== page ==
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The intense search for missing Lochaber climber Tom Ballard on Pakistan’s ‘Killer Mountain’ has been called off.
Rescuers have found no trace of Ballard or his Italian climbing partner Daniele Nardi in their searches on Nanga Parbat in the Pakistan Himalayas over the last week, leaving them with little choice but to halt the rescue effort today (Wednesday March 06).
Ballard, 30, who grew up in Spean Bridge, has been missing since last Sunday, February 25, when he and Nardi last made contact with their team at base camp. The pair were attempting to reach the summit of the 8,126 metre (26,660 ft) peak, nicknamed ‘Killer Mountain’.
They had reportedly made it to Camp 4 on the mountain and the last contact from them was at a height of 6,300 metres (nearly 20,700 ft).
A team of highly experienced mountaineers, led by Spaniard Alex Txikon and Pakistani Ali Sadpara, bravely retraced the route that Ballard and Nardi were attempting, known as the Mummery Spur, to try and find the missing climbers. The team searched the area on foot and by using drones but to no avail.
The search continued this morning (Wednesday March 6) on a different route up Nanga Parbat, despite a high risk of avalanche. However, they found no trace of the climbers and decided to call of the search.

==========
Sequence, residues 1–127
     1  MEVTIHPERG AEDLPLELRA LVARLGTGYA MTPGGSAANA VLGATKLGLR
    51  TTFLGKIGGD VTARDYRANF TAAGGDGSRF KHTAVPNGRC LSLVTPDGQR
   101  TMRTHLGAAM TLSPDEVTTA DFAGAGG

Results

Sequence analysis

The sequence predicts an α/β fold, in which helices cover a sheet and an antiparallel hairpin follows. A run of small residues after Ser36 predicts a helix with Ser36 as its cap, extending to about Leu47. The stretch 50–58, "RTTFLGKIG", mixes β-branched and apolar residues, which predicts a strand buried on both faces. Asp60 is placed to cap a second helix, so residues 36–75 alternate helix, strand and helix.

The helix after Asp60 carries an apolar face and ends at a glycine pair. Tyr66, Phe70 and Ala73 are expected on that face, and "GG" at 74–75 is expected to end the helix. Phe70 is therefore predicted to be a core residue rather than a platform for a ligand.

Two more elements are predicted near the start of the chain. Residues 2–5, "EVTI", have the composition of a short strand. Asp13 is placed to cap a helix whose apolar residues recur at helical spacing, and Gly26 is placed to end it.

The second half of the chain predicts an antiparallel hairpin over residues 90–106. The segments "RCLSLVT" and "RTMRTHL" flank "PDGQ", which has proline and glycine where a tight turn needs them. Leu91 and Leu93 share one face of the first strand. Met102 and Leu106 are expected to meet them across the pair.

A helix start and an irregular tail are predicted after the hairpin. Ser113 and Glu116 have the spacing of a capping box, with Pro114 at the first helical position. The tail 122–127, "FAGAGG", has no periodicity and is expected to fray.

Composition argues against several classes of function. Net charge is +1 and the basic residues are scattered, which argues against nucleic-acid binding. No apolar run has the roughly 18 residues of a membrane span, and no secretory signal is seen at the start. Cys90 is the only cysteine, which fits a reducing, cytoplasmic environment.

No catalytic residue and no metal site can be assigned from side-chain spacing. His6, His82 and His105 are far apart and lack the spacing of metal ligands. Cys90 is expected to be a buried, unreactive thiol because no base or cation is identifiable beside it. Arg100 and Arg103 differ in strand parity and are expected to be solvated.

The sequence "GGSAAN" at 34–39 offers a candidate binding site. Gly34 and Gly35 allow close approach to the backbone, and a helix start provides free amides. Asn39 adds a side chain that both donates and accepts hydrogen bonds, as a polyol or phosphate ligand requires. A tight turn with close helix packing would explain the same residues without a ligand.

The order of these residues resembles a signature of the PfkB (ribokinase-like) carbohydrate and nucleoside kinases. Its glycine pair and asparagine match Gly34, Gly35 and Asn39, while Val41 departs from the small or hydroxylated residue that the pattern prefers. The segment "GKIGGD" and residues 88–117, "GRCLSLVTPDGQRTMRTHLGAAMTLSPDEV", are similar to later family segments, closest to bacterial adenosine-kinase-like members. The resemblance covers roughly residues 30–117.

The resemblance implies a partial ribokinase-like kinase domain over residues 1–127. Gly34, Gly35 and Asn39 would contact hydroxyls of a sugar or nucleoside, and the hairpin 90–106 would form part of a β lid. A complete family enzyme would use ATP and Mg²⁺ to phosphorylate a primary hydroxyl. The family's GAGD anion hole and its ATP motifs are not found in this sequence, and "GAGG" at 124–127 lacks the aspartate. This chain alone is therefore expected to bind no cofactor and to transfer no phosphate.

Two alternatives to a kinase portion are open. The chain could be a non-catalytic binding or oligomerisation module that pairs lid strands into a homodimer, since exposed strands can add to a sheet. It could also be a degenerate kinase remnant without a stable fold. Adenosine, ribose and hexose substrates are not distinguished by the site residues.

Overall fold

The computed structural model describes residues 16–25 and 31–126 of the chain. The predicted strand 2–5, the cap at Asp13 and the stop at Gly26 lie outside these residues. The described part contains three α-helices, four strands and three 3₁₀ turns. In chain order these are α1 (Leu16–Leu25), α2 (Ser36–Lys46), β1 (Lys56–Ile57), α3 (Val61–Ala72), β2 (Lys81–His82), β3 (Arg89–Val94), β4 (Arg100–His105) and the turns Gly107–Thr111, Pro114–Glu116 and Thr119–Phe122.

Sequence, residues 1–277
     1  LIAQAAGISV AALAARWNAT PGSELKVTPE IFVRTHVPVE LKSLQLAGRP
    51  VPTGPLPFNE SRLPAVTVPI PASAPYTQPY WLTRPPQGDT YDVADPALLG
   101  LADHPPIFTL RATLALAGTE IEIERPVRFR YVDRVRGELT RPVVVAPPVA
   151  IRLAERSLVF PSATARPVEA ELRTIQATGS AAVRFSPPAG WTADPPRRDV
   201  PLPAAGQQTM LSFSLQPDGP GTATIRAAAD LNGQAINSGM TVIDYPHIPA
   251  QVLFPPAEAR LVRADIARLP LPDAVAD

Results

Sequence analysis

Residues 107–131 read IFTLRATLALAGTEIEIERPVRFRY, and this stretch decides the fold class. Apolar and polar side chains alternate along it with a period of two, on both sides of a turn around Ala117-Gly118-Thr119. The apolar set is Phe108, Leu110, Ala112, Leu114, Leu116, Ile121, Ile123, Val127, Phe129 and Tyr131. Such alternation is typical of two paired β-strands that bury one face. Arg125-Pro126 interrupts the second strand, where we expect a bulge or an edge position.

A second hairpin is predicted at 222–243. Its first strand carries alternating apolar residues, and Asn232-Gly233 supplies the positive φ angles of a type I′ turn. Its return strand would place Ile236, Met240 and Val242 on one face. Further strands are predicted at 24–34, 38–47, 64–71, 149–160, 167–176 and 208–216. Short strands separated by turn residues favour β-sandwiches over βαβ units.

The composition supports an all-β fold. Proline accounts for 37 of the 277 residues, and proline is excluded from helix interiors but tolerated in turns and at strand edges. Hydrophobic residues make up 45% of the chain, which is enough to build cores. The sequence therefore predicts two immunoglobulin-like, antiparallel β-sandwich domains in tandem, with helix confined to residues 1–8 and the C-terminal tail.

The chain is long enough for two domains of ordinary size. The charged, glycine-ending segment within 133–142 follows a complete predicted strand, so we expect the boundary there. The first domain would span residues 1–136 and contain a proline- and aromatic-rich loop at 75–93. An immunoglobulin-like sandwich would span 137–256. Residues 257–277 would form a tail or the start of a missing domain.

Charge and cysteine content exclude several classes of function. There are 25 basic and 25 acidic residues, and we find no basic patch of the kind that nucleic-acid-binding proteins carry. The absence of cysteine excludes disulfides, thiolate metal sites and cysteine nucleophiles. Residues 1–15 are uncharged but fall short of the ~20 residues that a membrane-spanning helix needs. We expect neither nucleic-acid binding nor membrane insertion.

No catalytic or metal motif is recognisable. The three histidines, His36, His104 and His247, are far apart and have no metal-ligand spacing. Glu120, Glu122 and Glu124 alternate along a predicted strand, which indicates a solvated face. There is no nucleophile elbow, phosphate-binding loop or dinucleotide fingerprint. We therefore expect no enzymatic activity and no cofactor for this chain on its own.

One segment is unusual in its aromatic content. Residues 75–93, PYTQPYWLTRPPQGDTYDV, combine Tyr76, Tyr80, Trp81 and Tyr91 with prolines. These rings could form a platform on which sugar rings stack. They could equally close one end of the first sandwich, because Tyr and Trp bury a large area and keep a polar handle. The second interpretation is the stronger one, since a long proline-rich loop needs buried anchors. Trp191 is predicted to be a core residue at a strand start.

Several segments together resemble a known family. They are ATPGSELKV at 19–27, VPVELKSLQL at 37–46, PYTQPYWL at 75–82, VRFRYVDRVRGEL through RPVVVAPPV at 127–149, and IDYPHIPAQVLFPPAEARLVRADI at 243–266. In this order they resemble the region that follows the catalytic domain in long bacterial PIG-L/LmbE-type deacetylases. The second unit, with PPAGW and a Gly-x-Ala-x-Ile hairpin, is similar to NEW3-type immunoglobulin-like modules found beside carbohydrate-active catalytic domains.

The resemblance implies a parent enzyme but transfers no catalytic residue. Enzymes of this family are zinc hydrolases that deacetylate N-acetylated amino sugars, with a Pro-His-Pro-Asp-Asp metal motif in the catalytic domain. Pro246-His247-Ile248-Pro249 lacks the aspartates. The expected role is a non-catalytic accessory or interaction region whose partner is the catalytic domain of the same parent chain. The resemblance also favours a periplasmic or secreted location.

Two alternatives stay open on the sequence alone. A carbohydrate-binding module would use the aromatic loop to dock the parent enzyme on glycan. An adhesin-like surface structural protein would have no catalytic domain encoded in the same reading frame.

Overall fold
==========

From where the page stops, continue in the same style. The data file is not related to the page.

Initial searches by helicopter detected a three-person tent “invaded by snow” in the area on Thursday but further searches over the weekend were foiled by bad weather. On Monday a helicopter was able to fly to 7,000m but nothing was seen.
Ballard is the son of mountaineer Alison Hargreaves who died, aged 33, while descending from the summit of K2 in 1995, the same year she became the first woman to conquer Mount Everest unaided. Earlier in 1995, the family, including Ballard’s sister Kate and father Jim, moved to Spean Bridge from Derbyshire.
A former Lochaber High School pupil, Ballard soon gained a reputation as a promising climber and has since gone on to achieve international recognition as a professional mountaineer.
In 2015, he became the first person to have solo climbed all six of the major Alpine north faces in a single winter.
An online fundraising campaign had raised about £140,000 to help fund the helicopter search team, which is said to cost roughly £43,000 a day.
Karrar Haidri, secretary of the Alpine Club of Pakistan, said in an interview with Associated Press on Tuesday: ‘In winter on the mountain the weather is very hash and sometimes you are facing -50 temperature there. So it is very difficult to survive in that condition.’
Ian Sykes, a renowned climber and friend of the Ballard family during their time in Lochaber, spoke of Ballard’s upbringing on the mountains in Lochaber and said it was clear that he would take after his mother.
‘He feels like one of ours,’ he continued. ‘They were very settled and part of the community here, and it was very obvious that Tom was going to be a pretty good climber as well.
‘I can’t imagine what it’s like for the family just now,’ Mr Sykes added. ‘It’s a real catastrophe.’